To label the disk from "BROKEN" to "SPARE" first you have to note down the broken disk id, which you can get from “aggr status -r", now go to advance mode with “priv set advanced” and run “disk unfail ” at this stage your filer will throw some 3-4 errors on console or syslog or snmp traps, depends on how you have configured but this was the final step and now disks should be good which you can confirm with “disk show ” for detailed status or “sysconfig -r” command. Give it a few seconds to recognize the changed status of disk if status change doesn’t shows at first.

Scenario 2:

Two disks have failed from same raid group and I don’t have any spare disk in my system.

Now in this case you are really in big trouble because always you need to have at least one spare disk available in your system whereas NetApp recommends 1:28 ratio i.e. have one spare on each 28 disks. In the situation of dual disk failure you have very high chances of loosing your data if another disk goes while you are rebuilding the data on spare disk or while you are waiting for new disks to arrive.

So always have minimum 2 disks available in your system one disk is also fine and system will not complain about spare disk but if you leave system with only one spare disk then maintenance centre will not work and system will not scan any disk for potential failure.

Now going to your above situation that you have dual disk failure with no spares available, so best bet is just ring NetApp to replace failed disk ASAP or if you think you are loosing your patient select same type of disk from another healthy system, do a disk fail, remove disk and replace it with failed disk on other system.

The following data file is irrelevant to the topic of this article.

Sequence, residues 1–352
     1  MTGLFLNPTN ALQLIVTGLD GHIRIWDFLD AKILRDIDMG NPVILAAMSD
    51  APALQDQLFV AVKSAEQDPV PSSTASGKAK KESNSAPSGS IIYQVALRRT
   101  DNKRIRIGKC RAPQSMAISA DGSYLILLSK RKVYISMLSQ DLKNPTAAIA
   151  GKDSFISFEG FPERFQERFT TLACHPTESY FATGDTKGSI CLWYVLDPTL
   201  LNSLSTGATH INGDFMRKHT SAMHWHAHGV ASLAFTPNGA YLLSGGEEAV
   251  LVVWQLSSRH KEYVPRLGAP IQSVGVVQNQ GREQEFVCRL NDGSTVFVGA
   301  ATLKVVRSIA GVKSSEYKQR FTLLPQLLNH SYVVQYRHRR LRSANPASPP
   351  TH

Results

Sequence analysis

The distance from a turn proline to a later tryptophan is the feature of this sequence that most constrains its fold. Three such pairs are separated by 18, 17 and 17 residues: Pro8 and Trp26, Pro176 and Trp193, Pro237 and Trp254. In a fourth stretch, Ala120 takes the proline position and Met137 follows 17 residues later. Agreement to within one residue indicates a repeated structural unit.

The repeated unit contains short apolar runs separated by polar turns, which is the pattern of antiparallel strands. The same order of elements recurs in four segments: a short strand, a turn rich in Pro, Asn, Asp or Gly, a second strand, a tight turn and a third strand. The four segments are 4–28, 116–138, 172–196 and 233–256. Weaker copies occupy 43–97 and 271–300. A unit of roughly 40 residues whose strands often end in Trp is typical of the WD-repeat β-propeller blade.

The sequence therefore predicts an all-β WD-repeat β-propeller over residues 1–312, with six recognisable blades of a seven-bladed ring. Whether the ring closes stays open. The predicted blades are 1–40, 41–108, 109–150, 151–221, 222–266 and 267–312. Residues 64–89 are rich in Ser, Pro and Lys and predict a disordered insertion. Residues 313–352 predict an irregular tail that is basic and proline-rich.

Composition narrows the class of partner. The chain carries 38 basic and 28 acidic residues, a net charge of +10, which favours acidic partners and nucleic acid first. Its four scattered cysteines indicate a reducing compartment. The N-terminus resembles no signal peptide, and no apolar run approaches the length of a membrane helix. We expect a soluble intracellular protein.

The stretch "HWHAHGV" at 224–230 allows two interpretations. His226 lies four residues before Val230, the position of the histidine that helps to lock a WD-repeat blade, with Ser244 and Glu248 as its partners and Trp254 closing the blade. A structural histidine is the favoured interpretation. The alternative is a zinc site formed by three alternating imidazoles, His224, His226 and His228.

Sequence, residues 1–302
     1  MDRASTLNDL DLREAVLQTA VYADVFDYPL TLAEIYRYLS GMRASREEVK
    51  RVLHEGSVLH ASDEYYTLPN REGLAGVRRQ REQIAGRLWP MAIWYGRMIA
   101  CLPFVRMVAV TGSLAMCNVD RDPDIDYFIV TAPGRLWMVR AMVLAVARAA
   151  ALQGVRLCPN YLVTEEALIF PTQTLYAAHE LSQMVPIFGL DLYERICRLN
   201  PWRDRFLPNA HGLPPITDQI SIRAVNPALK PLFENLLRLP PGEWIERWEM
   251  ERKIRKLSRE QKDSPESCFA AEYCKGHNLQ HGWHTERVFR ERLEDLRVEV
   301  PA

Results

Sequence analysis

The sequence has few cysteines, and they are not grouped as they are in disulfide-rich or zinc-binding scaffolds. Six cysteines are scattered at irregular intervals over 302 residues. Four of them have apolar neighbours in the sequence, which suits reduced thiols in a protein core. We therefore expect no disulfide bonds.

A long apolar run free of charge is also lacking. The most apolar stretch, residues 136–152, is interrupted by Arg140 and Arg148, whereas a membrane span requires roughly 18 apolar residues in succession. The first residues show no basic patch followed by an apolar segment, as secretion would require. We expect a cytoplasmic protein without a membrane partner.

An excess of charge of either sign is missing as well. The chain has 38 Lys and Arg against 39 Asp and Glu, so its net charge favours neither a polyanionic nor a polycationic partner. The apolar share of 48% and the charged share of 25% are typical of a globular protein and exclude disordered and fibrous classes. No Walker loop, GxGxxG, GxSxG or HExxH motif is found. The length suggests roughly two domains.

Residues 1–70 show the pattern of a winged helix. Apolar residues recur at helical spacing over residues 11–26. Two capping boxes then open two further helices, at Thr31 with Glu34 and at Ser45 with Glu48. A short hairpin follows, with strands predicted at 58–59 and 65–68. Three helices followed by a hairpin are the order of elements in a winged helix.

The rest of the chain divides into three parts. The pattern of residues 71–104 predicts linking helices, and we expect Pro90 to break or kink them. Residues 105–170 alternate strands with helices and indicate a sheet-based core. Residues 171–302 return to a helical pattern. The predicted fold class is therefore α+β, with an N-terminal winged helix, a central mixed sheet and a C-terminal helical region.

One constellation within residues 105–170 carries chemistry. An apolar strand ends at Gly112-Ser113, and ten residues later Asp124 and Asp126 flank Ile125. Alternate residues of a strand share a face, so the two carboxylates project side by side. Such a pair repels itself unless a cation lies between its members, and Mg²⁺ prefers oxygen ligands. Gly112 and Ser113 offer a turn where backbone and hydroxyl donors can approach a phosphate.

After adding the disk to another filer if it shows Partial/failed volume, make sure the volume reported as partial/failed belongs to newly inserted disk by using “vol status -v” and “vol status -r" commands, if so just destroy the volume with “vol destroy” command and then zero out the disk with “disk zero spares”.

This exercise will not take more than 15 min(except disk zeroing which depends on your disk type and capacity) and you will have single disk failure in 2 systems which can survive with another disk failure, but what if that doesn’t happens and you keep running your system with dual disk failure. Your system will shut down by itself after 24 hours; yes it will shut down itself without any failover to take, your attention. There is a registry setting to control how long your system should run after disk failure but I think 24hrs is a good time and you shouldn’t increase or decrease it until and unless you think you don’t care of the data sitting there and anyone accessing it.

Scenario 3:

My drive failed but there is no disk with amber lights